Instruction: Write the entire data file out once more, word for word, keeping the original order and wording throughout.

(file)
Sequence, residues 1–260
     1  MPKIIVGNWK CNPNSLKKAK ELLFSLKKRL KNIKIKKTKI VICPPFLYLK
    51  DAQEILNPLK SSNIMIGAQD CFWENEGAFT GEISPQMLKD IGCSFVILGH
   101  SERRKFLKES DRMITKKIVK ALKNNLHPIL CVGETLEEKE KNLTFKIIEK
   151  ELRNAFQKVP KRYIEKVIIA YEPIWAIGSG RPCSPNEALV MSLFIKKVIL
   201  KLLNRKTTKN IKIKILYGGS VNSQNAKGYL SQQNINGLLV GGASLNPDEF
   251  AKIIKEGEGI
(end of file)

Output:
Sequence, residues 1–260
     1  MPKIIVGNWK CNPNSLKKAK ELLFSLKKRL KNIKIKKTKI VICPPFLYLK
    51  DAQEILNPLK SSNIMIGAQD CFWENEGAFT GEISPQMLKD IGCSFVILGH
   101  SERRKFLKES DRMITKKIVK ALKNNLHPIL CVGETLEEKE KNLTFKIIEK
   151  ELRNAFQKVP KRYIEKVIIA YEPIWAIGSG RPCSPNEALV MSLFIKKVIL
   201  KLLNRKTTKN IKIKILYGGS VNSQNAKGYL SQQNINGLLV GGASLNPDEF
   251  AKIIKEGEGI